Truebill has helped my wife and me save money, but before deciding on Truebill, we looked at other possible bill slashing programs like Trim and Clarity Money.
Trim Financial Manager:
Trim has similar features but with a few major differences. First, the interface is based on a chatbox with an AI tool instead of having an app with automation.
Also, Trim doesn’t show you an overview of your finances like Truebill offers. However, this is vital to note. Trim only keeps 33%, where Truebill, as previously stated, keeps 40%.
Trim is better for saving if you look at it that way!
Clarity Money is similar to Trim in that it too charges 33% instead of 40% for its bill cutting services. That being said, the app is free to use, and is another option to consider.
When it comes to ranking with others, Trim is preferred by most users of Clarity. If you’re looking specifically for a budgeting app, there are better options like Mint and several Mint alternatives.
Final Words on TrueBill
When I was 16, I would drive to the ice cream shop where I worked and pick up my check every Tuesday. Next, I would take it to the bank, deposit most of it, and keep enough cash to pay my mom for car insurance and gas.
That was the extent of my bills.
By age 18, I had a cell phone payment on top of car insurance and gas. However, now age 33, the bills seem to be endless and just a tad bit harder to track sometimes:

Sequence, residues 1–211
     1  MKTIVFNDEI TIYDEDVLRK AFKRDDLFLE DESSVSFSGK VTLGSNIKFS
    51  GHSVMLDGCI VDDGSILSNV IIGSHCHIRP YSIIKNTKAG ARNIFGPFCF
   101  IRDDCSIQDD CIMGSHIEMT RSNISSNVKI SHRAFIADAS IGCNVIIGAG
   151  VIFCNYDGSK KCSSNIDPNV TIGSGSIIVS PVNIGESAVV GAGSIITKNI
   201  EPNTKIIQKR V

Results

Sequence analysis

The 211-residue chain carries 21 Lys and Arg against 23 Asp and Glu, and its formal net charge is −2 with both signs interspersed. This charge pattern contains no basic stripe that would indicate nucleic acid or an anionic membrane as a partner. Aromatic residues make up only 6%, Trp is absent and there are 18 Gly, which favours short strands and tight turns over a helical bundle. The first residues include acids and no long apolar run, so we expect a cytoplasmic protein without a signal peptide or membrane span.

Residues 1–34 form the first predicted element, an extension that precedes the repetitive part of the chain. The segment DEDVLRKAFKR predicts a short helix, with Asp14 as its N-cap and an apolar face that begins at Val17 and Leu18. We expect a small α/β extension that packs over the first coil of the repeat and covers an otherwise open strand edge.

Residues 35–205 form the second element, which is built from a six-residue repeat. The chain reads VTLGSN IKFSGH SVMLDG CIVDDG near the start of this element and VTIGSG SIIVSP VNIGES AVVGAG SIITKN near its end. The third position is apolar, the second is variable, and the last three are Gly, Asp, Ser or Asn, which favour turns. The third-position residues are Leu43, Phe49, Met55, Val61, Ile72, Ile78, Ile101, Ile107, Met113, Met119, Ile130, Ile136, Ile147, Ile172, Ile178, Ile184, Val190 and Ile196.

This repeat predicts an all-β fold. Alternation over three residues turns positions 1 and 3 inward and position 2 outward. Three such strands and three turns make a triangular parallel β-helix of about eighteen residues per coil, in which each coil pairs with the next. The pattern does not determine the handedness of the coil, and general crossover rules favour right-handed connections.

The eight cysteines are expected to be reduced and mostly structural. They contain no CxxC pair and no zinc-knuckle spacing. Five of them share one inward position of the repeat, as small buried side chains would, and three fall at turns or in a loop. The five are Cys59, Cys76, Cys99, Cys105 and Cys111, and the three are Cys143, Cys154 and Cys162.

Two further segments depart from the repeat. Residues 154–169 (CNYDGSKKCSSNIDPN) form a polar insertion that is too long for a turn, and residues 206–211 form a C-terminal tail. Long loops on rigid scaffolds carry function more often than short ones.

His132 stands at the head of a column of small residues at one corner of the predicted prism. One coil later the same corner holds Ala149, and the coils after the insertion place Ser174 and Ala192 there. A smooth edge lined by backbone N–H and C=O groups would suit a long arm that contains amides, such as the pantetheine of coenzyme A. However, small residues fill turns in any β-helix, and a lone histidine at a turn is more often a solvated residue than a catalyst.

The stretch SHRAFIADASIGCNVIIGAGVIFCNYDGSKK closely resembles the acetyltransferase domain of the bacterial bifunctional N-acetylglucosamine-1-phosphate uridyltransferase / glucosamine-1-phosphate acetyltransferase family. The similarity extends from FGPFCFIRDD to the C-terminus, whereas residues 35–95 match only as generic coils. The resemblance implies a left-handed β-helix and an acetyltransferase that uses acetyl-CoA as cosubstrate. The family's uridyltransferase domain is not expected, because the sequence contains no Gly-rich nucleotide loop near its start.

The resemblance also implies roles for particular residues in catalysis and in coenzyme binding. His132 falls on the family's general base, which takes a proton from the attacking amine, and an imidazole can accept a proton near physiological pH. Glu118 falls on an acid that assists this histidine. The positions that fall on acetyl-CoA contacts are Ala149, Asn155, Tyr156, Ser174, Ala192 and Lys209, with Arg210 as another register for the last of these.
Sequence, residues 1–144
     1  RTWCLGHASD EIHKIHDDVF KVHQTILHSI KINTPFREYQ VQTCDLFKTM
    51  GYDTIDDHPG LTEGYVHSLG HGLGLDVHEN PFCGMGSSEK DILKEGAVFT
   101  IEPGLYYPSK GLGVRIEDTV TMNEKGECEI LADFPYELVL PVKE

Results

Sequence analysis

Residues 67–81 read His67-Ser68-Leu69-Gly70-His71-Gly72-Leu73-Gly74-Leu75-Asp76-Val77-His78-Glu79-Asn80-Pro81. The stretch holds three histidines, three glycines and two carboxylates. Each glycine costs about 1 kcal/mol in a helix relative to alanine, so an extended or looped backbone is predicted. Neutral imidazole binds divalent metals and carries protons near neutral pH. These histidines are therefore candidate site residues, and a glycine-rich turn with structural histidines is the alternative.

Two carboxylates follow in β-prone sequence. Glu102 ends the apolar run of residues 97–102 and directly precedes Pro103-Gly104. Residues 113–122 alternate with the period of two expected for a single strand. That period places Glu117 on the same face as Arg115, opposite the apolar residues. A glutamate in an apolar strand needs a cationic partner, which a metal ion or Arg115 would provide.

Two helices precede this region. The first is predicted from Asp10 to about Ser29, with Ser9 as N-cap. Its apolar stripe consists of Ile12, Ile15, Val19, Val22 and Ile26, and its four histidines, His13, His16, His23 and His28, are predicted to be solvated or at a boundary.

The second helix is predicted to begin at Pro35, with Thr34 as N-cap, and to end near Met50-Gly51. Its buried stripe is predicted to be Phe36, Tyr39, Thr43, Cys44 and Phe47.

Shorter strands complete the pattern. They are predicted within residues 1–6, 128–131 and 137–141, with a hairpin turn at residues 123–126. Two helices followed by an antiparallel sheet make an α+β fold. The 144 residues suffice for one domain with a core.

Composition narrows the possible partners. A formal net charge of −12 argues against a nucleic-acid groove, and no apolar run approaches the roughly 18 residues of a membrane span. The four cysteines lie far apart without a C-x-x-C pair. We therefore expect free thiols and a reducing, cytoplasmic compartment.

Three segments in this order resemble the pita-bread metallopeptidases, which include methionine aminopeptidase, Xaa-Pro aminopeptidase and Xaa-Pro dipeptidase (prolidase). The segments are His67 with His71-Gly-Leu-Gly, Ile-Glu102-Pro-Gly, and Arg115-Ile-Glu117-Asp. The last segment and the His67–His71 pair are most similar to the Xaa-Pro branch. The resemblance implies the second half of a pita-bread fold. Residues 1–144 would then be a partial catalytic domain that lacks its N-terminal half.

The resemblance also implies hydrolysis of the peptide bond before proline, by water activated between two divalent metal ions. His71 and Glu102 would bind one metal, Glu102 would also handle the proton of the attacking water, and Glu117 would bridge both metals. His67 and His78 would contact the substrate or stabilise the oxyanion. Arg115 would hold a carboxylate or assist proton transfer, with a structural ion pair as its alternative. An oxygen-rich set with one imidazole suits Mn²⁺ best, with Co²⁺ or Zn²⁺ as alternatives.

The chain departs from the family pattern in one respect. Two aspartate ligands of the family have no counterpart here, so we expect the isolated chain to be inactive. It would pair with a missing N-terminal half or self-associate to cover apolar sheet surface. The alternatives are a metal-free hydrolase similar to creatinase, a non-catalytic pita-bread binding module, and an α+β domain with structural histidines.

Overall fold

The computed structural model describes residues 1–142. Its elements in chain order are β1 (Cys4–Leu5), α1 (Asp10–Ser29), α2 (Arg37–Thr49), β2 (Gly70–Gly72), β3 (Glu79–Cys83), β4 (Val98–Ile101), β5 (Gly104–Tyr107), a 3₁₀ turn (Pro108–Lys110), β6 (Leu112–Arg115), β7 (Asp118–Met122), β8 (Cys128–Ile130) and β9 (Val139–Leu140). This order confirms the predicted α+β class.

- Auto Insurance
- Life Insurance
- Health Insurance
- Gym Membership
- Cell Phone Bill
- HOA Dues
- Grocery credit card bill
- Gas for car
- Student loan payment
- Personal Property Taxes
While I couldn’t imagine personally paying each bill via check and then mailing it off, there is one downfall to electronic billing and subscriptions:
The set it and forget the money approach means you might miss things.
With multiple accounts, multiple bills, and multiple subscriptions – the $4 monthly fee could be worth it for you if you are not someone who can stay on top of your finances.
Sure, you won’t make $1,000 a month saving on your bills, but over the course of a year, saving even $250 is well worth the effort.
On the other hand, if you’re on top of things, simply using the app to get your report and moving on from there and doing the negotiating/canceling yourself is your best bet!
What are your thoughts on savings apps like Trim or TrueBill? Have you used either of them or a competitor? What was your experience?